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The Future Of Majority-Minority Public Schools


From Alaska to Maine, Texas to North Dakota, public schools have dramatically changed during the past two decades. Walk into these schools and you’ll likely find that the majority of students are children of color.

How this demographic shift plays out in the classroom is explored in “Tomorrow’s Test,” a new series by a team of reporters for Slate and Columbia Journalism School’s Teacher Project.

Sarah Carr, editor of the Teacher Project, will be on Think at noon today talking with host Krys Boyd about the series.

The multimedia project looks at refugee students in Anchorage, Alaska, where kids split their day between a newcomer center for new arrivals and neighborhood schools.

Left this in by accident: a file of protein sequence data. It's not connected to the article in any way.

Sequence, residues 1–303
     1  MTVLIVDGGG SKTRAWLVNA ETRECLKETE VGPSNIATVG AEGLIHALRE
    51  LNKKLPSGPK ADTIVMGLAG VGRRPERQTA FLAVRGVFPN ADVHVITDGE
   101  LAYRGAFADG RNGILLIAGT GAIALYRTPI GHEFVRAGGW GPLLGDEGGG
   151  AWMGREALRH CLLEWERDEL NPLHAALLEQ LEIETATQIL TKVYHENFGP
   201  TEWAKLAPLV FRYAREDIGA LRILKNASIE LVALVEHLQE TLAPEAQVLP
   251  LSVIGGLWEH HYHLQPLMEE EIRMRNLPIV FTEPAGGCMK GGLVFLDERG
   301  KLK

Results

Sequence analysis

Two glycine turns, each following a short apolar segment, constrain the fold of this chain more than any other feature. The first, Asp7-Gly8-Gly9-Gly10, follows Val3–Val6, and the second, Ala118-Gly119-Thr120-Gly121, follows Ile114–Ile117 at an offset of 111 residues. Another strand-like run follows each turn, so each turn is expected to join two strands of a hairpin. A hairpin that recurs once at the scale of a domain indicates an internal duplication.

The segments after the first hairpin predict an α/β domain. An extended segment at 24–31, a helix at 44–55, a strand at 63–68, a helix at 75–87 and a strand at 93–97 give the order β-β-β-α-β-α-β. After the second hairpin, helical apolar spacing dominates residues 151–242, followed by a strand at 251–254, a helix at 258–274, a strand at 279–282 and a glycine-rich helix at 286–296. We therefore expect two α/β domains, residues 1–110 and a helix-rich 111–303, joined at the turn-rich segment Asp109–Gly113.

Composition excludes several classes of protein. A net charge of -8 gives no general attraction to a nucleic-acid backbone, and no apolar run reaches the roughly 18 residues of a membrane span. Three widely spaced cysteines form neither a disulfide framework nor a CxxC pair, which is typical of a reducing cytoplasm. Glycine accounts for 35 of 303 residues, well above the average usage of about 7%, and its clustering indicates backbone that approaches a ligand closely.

It looks at the need for more Hispanic teachers in Boston public schools, where Hispanics make up more than 40 percent of the student population but only 10 percent of teachers.

The weeklong series dives into New Orleans charter schools and the challenges sparked by the few number of black teachers there.

And, it explores what happens when the neighborhood around a historically black public school in Portland, Oregon changes.

The entire series, “Tomorrow’s Test,” can be found here. You can listen to Think on 90.1 FM or stream online. A podcast of the show will be posted later.

Stella M. Chávez is KERA’s immigration/demographics reporter/blogger. Her journalism roots run deep: She spent a decade and a half in newspapers – including seven years at The Dallas Morning News, where she covered education and won the Livingston Award for National Reporting, which is given annually to the best journalists across the country under age 35.